All Hands on Deck: Learning Adventures Aboard Old Ironsides
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USS Constitution, Johnson



Getting Started    Key Words and Concepts    Glossary    Activities    Recommended Resources     Scuttlebutt

Many Looks, One Ship
Observing detail and understanding a process

Help students assemble their own wheels using copies of the wheel below and the template for the wheel cover found in the link at the bottom of this page. The images progress clockwise from the way Constitution looked in the War of 1812, around the wheel back to the way she looked in the War of 1812, which is the closest to how she looks today. You might explain that some processes are circular and end up where they started and others, such as waves that repeat but have a direction, do not return to their starting point. You might also distinguish between natural and man-made changes.

Ask students to examine the first image carefully. What do they observe? Write their observations on the board. Then ask them to turn the wheel so the window is over the next image. What is different? Was the change natural or man made? Go through all the images until you arrive back at Constitution in the War of 1812. Tell the class that this is what restoration means—to restore her to the way she was.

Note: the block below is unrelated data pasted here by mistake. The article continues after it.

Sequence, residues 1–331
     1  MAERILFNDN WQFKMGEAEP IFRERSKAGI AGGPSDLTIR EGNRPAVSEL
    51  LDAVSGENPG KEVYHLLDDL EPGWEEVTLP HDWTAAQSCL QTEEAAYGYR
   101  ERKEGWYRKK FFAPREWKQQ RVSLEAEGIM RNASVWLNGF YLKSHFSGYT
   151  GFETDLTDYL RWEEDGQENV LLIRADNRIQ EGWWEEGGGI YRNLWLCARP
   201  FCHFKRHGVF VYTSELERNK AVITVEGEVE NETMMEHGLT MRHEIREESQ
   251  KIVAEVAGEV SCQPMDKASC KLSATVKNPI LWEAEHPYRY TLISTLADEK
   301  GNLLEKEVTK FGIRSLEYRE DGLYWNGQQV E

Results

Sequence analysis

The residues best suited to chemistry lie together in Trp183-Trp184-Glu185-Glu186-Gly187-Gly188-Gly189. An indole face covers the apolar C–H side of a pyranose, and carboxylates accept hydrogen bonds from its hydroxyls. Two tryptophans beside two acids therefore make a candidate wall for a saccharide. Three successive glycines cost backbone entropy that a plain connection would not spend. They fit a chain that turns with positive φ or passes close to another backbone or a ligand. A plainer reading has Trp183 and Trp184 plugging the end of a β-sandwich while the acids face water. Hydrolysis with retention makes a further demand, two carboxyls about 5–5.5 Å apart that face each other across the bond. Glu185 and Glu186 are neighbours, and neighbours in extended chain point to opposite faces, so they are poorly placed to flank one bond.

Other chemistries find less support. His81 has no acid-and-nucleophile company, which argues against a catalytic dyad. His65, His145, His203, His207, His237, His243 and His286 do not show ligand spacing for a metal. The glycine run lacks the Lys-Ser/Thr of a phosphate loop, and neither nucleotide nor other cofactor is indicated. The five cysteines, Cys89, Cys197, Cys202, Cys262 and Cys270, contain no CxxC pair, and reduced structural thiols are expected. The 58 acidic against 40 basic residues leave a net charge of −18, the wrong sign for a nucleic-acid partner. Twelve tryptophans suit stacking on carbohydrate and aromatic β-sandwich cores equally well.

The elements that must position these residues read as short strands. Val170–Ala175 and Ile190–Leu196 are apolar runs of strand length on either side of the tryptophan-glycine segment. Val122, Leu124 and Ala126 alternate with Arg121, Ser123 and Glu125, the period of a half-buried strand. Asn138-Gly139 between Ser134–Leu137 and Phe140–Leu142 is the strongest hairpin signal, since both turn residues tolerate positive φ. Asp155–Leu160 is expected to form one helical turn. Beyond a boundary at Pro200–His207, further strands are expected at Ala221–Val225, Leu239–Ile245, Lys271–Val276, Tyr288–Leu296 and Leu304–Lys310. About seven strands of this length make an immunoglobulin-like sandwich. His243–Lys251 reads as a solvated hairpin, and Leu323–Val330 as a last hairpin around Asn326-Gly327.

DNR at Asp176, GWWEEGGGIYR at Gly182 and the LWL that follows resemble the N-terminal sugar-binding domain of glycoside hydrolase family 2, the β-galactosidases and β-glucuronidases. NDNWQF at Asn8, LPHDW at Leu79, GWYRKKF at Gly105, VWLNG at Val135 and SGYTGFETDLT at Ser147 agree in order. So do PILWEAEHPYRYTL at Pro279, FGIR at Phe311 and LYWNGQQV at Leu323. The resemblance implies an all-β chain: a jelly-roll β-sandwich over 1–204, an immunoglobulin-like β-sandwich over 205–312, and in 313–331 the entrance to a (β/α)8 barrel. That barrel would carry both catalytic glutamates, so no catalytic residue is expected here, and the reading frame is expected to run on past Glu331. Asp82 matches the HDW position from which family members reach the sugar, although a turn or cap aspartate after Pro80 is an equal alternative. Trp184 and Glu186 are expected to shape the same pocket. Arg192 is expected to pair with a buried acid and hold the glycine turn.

Credits (clockwise)
Julian O. Davidson, 1882
USS Constitution escaping
from the British, July 1812
USS Constitution Museum,
Boston

J. G. Evans
A Celebration of
Washington’s Birthday
at Malta on Board the
USS Constitution
Comm. JD Elliott,
1837 (1838)
United Sates Naval
Academy Museum

School Ship Constitution
(1863-1865)/USS Constitution Museum,
Boston

USS Constitution
under sail,
1881/Naval Historical Center,
Washington, D.C.

USS Constitution as a
receiving ship (1883-1897),
Portsmouth, NH
Courtesy US Navy/USS
Constitution Museum, Boston

Sesquicentennial postage
stamp, 1947

Have on Handbrass fasteners, photocopies of “Wheel of Change” and photocopies of the wheel cover from corresponding worksheet

Blank Worksheet- Wheel (pdf)
Blank Worksheet- Wheel Cover (pdf)

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